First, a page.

Researchers at Carnegie Mellon University have developed a method for tracking the locations of multiple individuals in complex, indoor settings using a network of video cameras.
The method was able to automatically follow the movements of 13 people within a nursing home, even though individuals sometimes moved out of view of the cameras. To track them, the researchers made use of multiple cues (apparel colour, person detection, trajectory and facial recognition) from the video feed.
The Carnegie Mellon team proved their technique with residents and employees in a nursing facility where camera views were compromised by long hallways, doorways, people mingling in the hallways, variations in lighting and too few cameras to provide comprehensive, overlapping views.
The performance of the Carnegie Mellon algorithm is claimed to have significantly improved on two of the leading algorithms in multi-camera, multi-object tracking. It located individuals within one metre of their actual position 88 per cent of the time, compared with 35 per cent and 56 per cent for the other algorithms.
The researchers – Alexander Hauptmann, principal systems scientist in the Computer Science Department (CSD); Shoou-I Yu, a Ph.D. student in the Language Technologies Institute; and Yi Yang, a CSD post-doctoral researcher – will present their findings June 27 at the Computer Vision and Pattern Recognition Conference in Portland, Oregon.
The Carnegie Mellon researchers developed their tracking technique as part of an effort to monitor the health of nursing home residents.
‘The goal is not to be Big Brother, but to alert the caregivers of subtle changes in activity levels or behaviours that indicate a change of health status,’ Hauptmann said in a statement.
The CMU work on monitoring nursing home residents began in 2005 as part of a National Institutes of Health-sponsored project called CareMedia.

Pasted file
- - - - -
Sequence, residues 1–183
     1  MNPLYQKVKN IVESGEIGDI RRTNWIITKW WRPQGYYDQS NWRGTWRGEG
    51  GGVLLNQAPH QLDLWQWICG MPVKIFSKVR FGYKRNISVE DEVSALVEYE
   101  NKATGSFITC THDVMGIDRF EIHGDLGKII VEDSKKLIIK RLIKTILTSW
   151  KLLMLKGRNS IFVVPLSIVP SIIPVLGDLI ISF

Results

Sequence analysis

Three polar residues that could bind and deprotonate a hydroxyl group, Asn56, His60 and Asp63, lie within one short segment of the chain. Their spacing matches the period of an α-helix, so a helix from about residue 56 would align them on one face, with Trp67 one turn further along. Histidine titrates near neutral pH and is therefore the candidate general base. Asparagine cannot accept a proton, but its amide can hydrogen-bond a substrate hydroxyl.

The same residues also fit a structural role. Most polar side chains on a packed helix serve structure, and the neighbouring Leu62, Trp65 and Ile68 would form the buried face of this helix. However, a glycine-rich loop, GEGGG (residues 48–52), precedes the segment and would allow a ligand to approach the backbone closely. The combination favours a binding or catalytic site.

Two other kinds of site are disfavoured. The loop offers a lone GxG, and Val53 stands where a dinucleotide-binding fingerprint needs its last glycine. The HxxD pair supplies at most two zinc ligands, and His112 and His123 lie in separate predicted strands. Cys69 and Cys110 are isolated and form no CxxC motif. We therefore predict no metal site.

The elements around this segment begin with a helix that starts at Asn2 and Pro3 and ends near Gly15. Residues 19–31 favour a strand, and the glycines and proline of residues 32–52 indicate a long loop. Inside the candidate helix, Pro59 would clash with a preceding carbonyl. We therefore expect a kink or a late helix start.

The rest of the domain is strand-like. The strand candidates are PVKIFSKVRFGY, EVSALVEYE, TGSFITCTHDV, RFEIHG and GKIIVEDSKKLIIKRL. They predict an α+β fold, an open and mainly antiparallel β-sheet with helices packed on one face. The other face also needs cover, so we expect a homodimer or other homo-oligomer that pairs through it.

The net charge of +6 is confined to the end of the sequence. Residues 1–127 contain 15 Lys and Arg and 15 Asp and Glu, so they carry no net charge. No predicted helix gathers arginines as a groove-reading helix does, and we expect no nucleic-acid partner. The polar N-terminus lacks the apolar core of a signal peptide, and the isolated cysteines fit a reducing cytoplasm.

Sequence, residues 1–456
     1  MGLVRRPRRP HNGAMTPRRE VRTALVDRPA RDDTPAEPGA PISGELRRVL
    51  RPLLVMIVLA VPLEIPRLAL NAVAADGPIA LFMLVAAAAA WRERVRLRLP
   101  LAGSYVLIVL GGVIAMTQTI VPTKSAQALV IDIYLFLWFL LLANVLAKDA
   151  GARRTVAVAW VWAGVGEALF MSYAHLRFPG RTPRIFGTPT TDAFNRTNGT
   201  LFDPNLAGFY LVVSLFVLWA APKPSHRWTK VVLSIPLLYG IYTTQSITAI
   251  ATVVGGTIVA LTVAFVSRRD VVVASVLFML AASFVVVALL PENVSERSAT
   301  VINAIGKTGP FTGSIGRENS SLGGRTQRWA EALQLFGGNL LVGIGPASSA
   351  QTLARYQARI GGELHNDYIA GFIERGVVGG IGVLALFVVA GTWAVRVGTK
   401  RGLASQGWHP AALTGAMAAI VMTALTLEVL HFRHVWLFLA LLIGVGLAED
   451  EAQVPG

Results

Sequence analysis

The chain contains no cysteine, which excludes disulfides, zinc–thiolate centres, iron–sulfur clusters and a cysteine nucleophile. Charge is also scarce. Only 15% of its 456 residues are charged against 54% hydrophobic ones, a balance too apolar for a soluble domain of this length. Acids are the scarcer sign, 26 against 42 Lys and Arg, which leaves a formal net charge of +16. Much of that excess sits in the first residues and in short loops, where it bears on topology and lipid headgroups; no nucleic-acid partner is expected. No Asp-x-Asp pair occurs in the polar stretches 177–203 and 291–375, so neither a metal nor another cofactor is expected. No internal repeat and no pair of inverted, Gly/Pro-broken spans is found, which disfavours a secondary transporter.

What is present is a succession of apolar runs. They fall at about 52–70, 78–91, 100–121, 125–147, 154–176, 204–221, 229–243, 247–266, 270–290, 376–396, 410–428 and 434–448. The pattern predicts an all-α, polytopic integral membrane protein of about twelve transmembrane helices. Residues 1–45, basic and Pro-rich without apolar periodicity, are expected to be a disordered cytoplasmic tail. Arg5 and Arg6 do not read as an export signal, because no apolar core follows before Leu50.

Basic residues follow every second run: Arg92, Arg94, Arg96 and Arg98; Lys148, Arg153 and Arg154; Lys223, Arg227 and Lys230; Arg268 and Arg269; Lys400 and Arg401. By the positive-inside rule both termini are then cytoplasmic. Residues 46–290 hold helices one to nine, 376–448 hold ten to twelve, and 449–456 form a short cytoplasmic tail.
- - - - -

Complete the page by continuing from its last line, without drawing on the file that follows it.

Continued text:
The researchers found that tracking based on colour of clothing proved difficult because the same colour apparel can appear different to cameras in different locations, depending on variations in lighting. Likewise, a camera’s view of an individual can often be blocked by other people passing in hallways, by furniture and when an individual enters a room or other area not covered by cameras, so individuals must be regularly re-identified by the system.
Face detection helps in re-identifying individuals on different cameras, but Yang noted that faces can be recognised in less than 10 per cent of the video frames. To overcome this the researchers developed mathematical models that enabled them to combine information, such as appearance, facial recognition and motion trajectories.
Using all of the information is key to the tracking process, but Yu said facial recognition proved to be the greatest help. When the researchers removed facial recognition information from identifying parameters, their on-track performance in the nursing home data dropped from 88 percent to 58 percent, which is not much better than one of the existing tracking algorithms.
Further work will be necessary to extend the technique during longer periods of time and enable real-time monitoring.
The researchers also are looking at additional ways to use video to monitor resident activity while preserving privacy, such as by only recording the outlines of people together with distance information from depth cameras similar to the Microsoft Kinect.